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Old 03-12-2008, 04:12 PM   #11
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I was told to once roux made on pan to remove from heat and add milk slowly until the right texture is achieved and then return to head and slowly simmer. Works a treat for me 98% of the time.
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Old 03-12-2008, 04:24 PM   #12
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The roux you would use for a cheese sauce as for mac and cheese should not be a brown roux.

Heat butter and whisk in the flour. The heat should be much lower than you had set.
Typically, you would use butter and temperatures that would not cause the butter to burn. Then when you whisk in the flour, it won't immediately or quickly brown. You can let it cool a bit so the milk doesn't become an issue. You don't want it to instantly boil or go to steam.

Once you whisk in the milk and bring up the heat to thicken the bechamel, you can take it off the heat and whisk in the shredded cheese. If the bechamel is too hot when you add the cheese, it can cause the cheese to clump and you will not have a smooth sauce. This is not a reversible error.
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Old 03-12-2008, 05:15 PM   #13
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Quote:
Originally Posted by darlenemt08 View Post
I've never made roux for my mac & cheese. My cheese sauce is Velveeta cheese,...
You're cheating when you use Velveeta
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Old 03-12-2008, 08:50 PM   #14
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Hi All,
Apologies for not posting the recipe - hit the wrong button at the wrong time.

Here goes - again. A recipe for 4 portions of macaroni and cheese.

You will need 2 pots > 1 medium and 1 large.
A wire whisk, a wooden spoon and cheese grater and a nutmeg grater.
A colander/sieve
A greased 750ml/1 1/2 pint pie dish

* Place 1 oz butter, 1 oz flour and 20 fl oz (UK measurements) of milk in the smaller pan. Place on a medium heat and bring up to the boil whisking all the time. When it comes to the boil add 1 teaspoonful of smooth french mustard (Dijon) and whisk in and then and a couple of bayleaves and a grating of fresh nutmeg. Remove the whisk, lower the heat and allow to simmer VERY gently for 10 - 15 minutes.

* Meanwhile, boil 6 oz/150 gms macaroni in salted boiling water - use the kettle for this.
Cook till al dente, and drain in a colander over a pan and reserve any cooking liquid.

* Return now to the sauce. Take the sauce off the heat, add 4 -6 oz/100 -150 gms of well flavoured cheese like a mature cheddar or, preferably half cheddar and half freshly grated parmesan, in stages and stir (with a wooden spoon) to melt the cheese between each adition. As you do this you should remove any bayleaves. Remember, the cheese is already a cooked product so only needs to be melted. Season the sauce to taste with salt, pepper and freshly grated nutmeg.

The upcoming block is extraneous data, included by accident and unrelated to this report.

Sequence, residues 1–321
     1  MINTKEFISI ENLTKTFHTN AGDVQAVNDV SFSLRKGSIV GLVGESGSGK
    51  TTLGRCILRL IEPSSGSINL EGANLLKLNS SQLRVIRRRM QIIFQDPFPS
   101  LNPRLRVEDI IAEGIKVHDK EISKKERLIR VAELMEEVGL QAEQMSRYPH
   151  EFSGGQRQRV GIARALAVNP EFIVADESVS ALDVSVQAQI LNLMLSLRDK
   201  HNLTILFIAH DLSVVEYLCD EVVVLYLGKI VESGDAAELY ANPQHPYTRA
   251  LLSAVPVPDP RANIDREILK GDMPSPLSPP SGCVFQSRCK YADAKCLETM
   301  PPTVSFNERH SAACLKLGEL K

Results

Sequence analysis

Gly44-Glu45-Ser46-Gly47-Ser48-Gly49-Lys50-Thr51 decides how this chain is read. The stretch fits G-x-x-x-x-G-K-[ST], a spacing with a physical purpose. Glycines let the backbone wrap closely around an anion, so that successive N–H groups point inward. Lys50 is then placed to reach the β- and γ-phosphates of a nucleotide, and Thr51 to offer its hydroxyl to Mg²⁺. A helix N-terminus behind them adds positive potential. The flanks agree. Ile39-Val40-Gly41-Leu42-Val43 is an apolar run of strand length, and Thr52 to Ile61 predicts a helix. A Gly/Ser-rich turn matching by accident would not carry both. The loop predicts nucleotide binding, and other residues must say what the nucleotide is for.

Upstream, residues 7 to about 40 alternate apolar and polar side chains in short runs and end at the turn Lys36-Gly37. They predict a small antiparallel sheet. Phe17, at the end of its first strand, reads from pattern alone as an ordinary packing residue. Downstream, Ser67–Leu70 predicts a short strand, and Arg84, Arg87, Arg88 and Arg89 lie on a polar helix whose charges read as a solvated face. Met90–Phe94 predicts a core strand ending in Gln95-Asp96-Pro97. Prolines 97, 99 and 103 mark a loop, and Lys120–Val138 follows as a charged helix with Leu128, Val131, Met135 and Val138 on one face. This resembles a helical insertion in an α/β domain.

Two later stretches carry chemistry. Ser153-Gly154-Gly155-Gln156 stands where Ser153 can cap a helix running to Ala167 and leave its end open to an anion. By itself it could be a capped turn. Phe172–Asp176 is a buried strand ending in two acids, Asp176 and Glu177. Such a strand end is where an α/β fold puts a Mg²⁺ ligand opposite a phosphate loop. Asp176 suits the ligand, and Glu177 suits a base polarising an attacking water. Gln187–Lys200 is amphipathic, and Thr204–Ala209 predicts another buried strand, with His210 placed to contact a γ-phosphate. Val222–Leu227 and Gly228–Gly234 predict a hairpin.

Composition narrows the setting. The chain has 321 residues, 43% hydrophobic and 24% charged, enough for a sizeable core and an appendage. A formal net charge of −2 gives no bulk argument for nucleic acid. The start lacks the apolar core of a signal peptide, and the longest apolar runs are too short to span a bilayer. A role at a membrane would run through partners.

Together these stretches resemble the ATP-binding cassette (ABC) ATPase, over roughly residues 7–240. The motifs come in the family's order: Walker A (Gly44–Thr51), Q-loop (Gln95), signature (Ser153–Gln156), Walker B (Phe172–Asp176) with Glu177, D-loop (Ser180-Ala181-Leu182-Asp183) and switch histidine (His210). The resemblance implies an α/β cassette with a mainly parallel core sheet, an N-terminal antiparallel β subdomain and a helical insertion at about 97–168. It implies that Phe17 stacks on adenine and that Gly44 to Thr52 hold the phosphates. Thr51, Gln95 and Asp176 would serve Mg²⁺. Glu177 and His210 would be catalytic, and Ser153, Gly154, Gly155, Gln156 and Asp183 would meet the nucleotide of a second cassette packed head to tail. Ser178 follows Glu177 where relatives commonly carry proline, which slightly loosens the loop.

* Add the cooked, hot macaroni to the cheese sauce and if you need to thin the sauce use cream or the drained liquid.

* Taste again and adjust as necessary. Pour the Macaroni and cheese into the prepared (greased) baking dish. Sprinkle over 1-2oz/25-50 gms grated cheese and grill/broil or bake in a hot oven (225C/425F/Gas mark 7) until browned and bubbling.

Macaroni and cheese needs to be cooked fresh, unlike Lasagne which can be done in advance, but even so not too much in advance! If allowed to stand, the pasta in a macaroni and cheese absorbs liquid from the sauce and becomes stodgy and unpleasant. Consequently, you need to juggle the cooking of the pasta with the sauce - hence the recommendation to use a kettle to boil water and it may take 2/3 kettlefuls to get lots of boiling water, and hence the requirement to use a large pan. Best tip? - have the water for the pasta simmering before you start making the cheese sauce! How much water for the pasta - LOTS - 2 full electric kettle fulls for the amount of pasta I`ve specified, on a fast rolling boil and a dessertspoonful to a tablespoonful of salt.

Hope this helps,
Archiduc
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Old 03-13-2008, 07:06 PM   #15
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Quote:
Originally Posted by archiduc View Post
Macaroni and cheese needs to be cooked fresh, unlike Lasagne which can be done in advance, but even so not too much in advance! If allowed to stand, the pasta in a macaroni and cheese absorbs liquid from the sauce and becomes stodgy and unpleasant. Consequently, you need to juggle the cooking of the pasta with the sauce - hence the recommendation to use a kettle to boil water and it may take 2/3 kettlefuls to get lots of boiling water, and hence the requirement to use a large pan. Best tip? - have the water for the pasta simmering before you start making the cheese sauce! How much water for the pasta - LOTS - 2 full electric kettle fulls for the amount of pasta I`ve specified, on a fast rolling boil and a dessertspoonful to a tablespoonful of salt.

Hope this helps,
Archiduc

What's all that water needed for? I use a small pan with enough water to cover the expanded macaroni and little salt. I don't want to waste water/salt/gas.
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